The US Air Force will consider a supersonic engine among three propulsion options now under review for the long range standoff (LRSO) missile, according to an acquisition notice released on 26 February.

The LRSO is expected to replace the Boeing AGM-86 air launched cruise missile, a subsonic weapon powered by a Williams F107 turbofan engine.

The USAF is considering two subsonic engine options – a derivative of an existing engine with 5% greater fuel efficiency and an advanced engine offering up to 20% better fuel efficiency, according to the request for information released by the LRSO branch of the Air Force Life Cycle Management Center.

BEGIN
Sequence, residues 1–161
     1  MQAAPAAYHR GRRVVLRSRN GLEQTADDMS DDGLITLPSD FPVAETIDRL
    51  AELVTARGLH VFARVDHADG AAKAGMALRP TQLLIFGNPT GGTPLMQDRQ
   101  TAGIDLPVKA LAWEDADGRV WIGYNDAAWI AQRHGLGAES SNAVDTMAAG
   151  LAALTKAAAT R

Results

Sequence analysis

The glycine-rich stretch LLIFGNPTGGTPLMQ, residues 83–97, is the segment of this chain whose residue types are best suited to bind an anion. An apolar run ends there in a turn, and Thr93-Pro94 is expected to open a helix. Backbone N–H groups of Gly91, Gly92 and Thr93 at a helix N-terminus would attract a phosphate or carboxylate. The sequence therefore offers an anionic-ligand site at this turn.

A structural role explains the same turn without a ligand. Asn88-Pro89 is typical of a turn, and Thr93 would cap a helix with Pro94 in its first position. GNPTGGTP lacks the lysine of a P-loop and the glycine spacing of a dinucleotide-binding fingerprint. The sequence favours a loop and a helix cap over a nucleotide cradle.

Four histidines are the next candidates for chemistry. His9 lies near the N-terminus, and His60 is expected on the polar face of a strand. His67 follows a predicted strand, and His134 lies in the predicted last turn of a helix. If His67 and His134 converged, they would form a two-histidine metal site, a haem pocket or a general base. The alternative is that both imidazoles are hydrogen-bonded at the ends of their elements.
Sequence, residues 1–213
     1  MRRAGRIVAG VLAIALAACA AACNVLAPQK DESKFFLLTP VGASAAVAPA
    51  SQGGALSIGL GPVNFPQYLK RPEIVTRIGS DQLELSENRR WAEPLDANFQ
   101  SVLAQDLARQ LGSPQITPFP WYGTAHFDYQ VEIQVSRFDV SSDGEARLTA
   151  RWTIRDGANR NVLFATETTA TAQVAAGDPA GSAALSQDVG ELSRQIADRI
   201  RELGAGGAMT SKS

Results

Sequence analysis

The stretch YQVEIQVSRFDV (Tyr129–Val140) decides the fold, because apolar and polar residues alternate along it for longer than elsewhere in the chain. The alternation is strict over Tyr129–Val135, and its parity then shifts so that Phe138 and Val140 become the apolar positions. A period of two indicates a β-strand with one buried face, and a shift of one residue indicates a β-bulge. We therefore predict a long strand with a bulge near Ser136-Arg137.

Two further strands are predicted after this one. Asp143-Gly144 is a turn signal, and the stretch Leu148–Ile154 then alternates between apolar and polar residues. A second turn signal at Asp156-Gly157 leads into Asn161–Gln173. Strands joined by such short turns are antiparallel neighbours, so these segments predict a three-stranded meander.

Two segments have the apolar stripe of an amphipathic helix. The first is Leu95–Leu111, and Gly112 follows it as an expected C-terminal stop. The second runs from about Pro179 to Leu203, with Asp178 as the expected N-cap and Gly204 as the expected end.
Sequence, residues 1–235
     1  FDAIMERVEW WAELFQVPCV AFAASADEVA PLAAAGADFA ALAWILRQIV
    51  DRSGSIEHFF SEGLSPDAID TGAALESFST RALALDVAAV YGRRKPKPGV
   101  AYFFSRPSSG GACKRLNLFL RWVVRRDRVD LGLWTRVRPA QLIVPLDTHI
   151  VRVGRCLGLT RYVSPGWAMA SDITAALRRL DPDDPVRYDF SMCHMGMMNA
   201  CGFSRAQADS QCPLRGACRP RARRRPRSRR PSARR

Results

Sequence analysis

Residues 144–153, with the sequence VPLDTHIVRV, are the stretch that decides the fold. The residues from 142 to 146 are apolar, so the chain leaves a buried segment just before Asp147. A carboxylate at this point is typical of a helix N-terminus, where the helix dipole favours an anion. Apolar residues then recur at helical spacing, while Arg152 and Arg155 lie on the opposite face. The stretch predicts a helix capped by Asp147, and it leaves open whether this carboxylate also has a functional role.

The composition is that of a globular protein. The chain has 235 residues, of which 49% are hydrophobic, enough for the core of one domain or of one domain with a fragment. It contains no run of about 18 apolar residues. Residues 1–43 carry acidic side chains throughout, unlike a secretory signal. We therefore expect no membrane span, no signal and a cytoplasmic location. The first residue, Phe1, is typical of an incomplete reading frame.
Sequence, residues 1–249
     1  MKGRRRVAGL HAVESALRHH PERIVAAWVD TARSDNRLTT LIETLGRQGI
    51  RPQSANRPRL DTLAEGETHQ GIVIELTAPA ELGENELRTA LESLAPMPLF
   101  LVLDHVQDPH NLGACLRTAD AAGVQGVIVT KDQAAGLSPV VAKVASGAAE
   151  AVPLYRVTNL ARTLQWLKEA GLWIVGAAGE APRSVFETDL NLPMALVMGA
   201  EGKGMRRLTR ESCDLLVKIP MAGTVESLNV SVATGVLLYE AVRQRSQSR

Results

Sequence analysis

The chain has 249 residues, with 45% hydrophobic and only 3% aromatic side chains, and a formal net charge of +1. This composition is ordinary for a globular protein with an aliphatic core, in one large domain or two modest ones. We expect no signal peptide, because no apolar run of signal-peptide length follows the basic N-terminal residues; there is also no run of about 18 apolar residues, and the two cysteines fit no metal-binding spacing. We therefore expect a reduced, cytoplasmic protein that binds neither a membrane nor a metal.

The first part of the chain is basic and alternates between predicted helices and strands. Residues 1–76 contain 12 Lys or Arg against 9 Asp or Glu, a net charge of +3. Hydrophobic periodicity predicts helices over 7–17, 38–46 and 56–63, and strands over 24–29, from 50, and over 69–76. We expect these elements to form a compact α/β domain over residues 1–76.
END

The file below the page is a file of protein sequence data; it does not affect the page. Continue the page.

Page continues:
A third option under review is a supersonic engine that would be sized comparably to “existing small core expendable engines”, the acquisition document says.

In the past, the USAF has said the LRSO would be a stealthy cruise missile, but never specified whether the weapon would fly at speeds below Mach 1.0, between M1.0 and 5.0 (supersonic) or even faster (hypersonic).

The same document lays out the USAF’s plans for developing and producing the LRSO. At least five engines will be delivered to support a technology maturation and risk reduction phase. Another 89 engines will support an engineering and manufacturing development phase of the programme. Up to 1,000 engines will ultimately be needed for a five-year production run, the request for information says.

The USAF has proposed to accelerate the LRSO acquisition programme by two years in the fiscal year 2016 budget request submitted to Congress last month.